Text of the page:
Gophers guard Nate Mason day-to-day with ankle injury
By Sam Ekstrom
MINNEAPOLIS (AP) — Minnesota expects guard Nate Mason will return to the court soon, with an ankle injury not as severe as initially thought.
The starter is considered day-to-day after going down on Dec. 23 against Florida Atlanta and receiving an MRI that night.
It appears the first-team All-Big Ten guard will be back on the court soon, maybe as early as Saturday, in the non-conference finale against Harvard.
“We put him through an individual (workout),” said coach Richard Pitino said of the Thursday practice. “We’ll evaluate again today and see from there, so day-to-day. Hopefully, he’ll play. I think if you asked him, he’d say he was going to play.”
Mason is averaging 15.5 points and a team-leading 4.1 assists. He tied a career high with five 3-pointers in last Saturday’s game before exiting with the injury.
Mason got his feet tangled with Florida Atlantic’s Ronald Delph and appeared to step awkwardly on his left foot as he attempted to keep his balance.
After several minutes on the floor, Mason couldn’t put pressure on his left leg while helped to the locker room.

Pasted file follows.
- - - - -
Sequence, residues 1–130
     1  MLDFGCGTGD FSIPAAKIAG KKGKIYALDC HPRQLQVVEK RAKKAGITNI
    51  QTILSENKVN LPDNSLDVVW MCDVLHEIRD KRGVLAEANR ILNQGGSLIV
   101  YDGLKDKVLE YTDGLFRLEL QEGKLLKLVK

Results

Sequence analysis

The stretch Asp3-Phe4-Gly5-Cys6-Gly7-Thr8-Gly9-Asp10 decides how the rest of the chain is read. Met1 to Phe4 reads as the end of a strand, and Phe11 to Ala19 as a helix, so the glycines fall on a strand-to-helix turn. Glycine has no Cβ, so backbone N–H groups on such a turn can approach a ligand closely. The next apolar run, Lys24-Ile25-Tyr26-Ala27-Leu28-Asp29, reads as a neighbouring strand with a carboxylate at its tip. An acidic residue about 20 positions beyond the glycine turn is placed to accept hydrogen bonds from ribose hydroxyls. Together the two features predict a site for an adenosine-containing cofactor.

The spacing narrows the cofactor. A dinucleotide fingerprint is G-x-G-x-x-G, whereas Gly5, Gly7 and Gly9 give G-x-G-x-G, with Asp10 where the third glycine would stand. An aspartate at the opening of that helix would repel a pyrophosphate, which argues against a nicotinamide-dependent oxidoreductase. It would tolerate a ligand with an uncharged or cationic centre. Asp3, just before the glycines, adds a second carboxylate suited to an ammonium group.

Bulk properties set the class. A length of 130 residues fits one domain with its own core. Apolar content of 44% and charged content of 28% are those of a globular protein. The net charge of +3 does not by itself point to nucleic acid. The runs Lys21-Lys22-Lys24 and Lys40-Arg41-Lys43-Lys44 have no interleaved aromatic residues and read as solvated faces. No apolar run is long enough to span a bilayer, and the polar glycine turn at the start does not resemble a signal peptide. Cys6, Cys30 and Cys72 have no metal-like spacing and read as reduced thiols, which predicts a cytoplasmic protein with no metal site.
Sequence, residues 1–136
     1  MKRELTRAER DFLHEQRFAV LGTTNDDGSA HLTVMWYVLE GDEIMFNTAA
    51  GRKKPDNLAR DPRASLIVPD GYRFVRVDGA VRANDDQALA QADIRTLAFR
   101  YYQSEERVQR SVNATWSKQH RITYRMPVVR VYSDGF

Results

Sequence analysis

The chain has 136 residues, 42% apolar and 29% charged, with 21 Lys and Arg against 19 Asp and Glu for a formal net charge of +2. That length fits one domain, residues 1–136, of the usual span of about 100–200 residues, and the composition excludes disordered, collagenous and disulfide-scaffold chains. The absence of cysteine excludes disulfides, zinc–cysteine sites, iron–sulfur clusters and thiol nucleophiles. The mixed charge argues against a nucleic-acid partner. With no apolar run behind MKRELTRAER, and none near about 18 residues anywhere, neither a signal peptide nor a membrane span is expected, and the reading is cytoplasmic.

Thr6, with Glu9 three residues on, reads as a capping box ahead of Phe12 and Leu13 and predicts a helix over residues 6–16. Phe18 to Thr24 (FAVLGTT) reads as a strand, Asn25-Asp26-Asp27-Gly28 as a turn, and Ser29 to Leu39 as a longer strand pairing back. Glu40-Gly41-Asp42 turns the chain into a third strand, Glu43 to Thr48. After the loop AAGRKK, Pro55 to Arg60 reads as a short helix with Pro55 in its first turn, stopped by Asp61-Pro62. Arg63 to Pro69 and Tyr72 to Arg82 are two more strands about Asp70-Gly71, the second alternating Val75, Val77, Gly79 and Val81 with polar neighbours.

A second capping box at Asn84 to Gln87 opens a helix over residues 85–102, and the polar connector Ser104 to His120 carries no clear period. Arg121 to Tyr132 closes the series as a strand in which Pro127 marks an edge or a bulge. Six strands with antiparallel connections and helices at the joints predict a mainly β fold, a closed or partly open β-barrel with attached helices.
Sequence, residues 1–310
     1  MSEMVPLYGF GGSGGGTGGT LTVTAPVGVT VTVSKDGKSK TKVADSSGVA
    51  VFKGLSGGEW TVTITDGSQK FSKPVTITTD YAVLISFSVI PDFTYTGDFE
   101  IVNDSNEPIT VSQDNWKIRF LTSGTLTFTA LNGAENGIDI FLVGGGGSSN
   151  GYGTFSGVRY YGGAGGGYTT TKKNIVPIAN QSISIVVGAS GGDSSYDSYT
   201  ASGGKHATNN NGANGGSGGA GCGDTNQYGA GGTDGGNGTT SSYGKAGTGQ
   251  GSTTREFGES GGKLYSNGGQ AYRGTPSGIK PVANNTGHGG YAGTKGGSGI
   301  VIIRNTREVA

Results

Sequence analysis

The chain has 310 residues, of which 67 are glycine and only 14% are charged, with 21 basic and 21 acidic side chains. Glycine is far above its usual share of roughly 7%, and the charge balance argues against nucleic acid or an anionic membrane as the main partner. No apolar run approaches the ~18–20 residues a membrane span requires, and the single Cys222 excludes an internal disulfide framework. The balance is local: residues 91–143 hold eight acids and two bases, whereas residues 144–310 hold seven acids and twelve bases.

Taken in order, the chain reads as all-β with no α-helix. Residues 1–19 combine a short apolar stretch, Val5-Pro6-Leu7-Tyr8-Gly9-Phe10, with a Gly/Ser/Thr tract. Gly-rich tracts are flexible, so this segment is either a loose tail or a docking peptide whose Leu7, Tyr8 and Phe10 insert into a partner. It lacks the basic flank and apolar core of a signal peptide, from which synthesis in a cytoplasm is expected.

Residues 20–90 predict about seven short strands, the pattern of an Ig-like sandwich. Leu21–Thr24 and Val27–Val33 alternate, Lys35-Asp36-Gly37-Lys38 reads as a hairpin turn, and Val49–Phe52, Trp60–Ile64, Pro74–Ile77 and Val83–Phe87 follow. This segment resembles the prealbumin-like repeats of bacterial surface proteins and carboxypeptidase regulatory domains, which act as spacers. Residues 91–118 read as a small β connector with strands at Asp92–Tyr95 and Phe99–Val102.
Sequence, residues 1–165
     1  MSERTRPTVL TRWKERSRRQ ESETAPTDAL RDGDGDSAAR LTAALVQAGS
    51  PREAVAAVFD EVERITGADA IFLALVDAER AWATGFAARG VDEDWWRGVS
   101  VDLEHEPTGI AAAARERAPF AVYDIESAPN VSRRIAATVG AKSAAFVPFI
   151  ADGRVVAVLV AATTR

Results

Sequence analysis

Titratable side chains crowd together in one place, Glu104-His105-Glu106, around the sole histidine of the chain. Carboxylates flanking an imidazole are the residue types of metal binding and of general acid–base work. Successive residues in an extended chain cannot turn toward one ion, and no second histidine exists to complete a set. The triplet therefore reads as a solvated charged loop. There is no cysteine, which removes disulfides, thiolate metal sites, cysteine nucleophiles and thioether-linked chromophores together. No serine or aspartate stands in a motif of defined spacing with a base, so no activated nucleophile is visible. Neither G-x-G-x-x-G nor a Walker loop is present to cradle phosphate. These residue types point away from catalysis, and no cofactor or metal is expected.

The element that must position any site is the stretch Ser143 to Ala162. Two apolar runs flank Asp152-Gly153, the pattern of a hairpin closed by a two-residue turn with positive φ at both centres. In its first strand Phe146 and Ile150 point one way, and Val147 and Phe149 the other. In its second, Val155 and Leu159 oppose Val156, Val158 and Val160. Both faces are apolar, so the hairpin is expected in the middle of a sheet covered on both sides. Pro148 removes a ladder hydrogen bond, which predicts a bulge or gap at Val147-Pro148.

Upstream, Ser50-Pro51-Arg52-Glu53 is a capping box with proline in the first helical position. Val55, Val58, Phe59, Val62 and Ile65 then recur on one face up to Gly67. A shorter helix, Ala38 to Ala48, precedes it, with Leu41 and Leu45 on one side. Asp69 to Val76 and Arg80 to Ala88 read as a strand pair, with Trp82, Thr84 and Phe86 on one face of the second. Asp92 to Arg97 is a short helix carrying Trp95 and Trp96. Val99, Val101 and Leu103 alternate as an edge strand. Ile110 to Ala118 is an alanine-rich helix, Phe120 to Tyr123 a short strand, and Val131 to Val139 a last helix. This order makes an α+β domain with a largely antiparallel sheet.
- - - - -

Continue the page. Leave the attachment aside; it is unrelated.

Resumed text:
“Anytime somebody’s struggling to get up, you always think the worst thing,” Amir Coffey said.
Then it was a long wait for Pitino to get the news.
“I went out to dinner with the family and just kept checking my phone,” Pitino said. “So it was a big, big sigh of relief. He’s obviously extremely important to our team, and he was playing well.”
A long-term absence for Mason might have meant a starting role for freshman Isaiah Washington, who is shooting 36 percent so far this season.
“It’s his last year,” Dupree McBrayer said of Mason. “You expect all great things from him, so something like that would’ve really been devastating.”
The Gophers (11-3, 1-1) also hope to get McBrayer back from a lower left leg injury that caused him to miss two consecutive games. Minnesota restarts conference play against Illinois on Jan. 3.
“I think when we have a full, healthy team,” Coffey said, “we could be pretty dangerous.”